Establishing Order Through Disorder by the Hsp90 Molecular Chaperone

Neethu Babu, Brian C. Freeman

Research output: Contribution to journalReview articlepeer-review


The Heat Shock Protein 90 (Hsp90) molecular chaperone is a key driver of protein homeostasis (proteostasis) under physiologically normal and stress conditions. In eukaryotes, Hsp90 is essential and is one of the most abundant proteins in a cell where the chaperone shuttles between the cytoplasm and nucleus to fold, stabilize, and regulate client proteins and protein complexes. Numerous high-throughput screens have mapped the Hsp90 interactome, building a vast network comprising ∼25% of the proteome in budding yeast. How Hsp90 is able to associate with this diverse and large cadre of targets is critical to comprehending how the proteostatic process works. Here, we review recent progress on our understanding of the molecular underpinnings driving Hsp90-client interactions from both the perspective of the targets and Hsp90. In addition to considering the available Hsp90-client structures, we also assessed recently identified Hsp90-client peptide complexes to build a model that justifies how Hsp90 might recognize a wide spectrum of target proteins. In brief, Hsp90 either directly recognizes a site within an intrinsically disordered region (IDR) of a client protein to transiently regulate that client or it associates with an unstructured polypeptide section created by the concerted efforts of multiple chaperones and cochaperones to stably associate with a client. Overall, Hsp90 exploits a common recognition property (i.e., IDR) within diverse clients to support chaperone-action thereby enabling its central role in proteostasis.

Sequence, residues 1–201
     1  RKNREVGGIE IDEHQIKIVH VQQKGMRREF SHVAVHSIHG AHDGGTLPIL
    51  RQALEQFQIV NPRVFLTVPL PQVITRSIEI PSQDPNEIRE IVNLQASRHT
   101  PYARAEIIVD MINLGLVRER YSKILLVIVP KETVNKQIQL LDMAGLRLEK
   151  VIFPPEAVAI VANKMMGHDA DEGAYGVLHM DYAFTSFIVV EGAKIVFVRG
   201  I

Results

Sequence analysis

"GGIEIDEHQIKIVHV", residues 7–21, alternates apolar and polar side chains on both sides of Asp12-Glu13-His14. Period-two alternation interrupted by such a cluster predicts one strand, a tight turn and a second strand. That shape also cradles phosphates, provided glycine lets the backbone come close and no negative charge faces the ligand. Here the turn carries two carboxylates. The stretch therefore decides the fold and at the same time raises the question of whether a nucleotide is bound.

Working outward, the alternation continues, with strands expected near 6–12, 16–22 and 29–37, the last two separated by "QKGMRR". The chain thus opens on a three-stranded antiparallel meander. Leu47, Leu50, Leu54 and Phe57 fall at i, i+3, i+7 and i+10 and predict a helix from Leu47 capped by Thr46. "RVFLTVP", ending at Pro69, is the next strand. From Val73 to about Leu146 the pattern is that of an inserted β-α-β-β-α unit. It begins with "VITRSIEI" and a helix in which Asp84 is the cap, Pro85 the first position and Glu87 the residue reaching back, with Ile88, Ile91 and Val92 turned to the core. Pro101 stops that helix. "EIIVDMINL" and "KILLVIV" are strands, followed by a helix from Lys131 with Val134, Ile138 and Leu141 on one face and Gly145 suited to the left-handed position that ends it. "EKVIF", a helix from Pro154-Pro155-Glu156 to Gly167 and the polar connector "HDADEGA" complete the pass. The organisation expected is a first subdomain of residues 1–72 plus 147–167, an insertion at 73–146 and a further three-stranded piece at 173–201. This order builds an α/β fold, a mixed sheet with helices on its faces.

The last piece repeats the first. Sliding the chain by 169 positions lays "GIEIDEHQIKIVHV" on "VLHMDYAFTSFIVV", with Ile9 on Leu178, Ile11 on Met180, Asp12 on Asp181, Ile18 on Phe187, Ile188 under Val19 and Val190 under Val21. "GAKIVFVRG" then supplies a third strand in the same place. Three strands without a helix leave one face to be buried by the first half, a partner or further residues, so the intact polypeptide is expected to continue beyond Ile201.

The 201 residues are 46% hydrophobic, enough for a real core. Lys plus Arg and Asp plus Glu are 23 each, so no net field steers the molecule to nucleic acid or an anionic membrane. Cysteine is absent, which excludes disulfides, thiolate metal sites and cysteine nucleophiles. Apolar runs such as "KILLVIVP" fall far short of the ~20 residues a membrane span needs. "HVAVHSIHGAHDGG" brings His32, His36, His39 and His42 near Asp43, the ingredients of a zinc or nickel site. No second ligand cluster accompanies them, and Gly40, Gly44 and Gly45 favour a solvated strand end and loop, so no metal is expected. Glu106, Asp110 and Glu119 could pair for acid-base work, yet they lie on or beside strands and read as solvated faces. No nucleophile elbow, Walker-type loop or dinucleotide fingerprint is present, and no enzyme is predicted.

Original languageEnglish (US)
Article number168460
JournalJournal of Molecular Biology
Issue number14
StatePublished - Jul 15 2024


  • Heat Shock Protein 90
  • Hsp90
  • IDR
  • Intrinsically Disordered Regions
  • Molecular Chaperone

ASJC Scopus subject areas

  • Biophysics
  • Structural Biology
  • Molecular Biology


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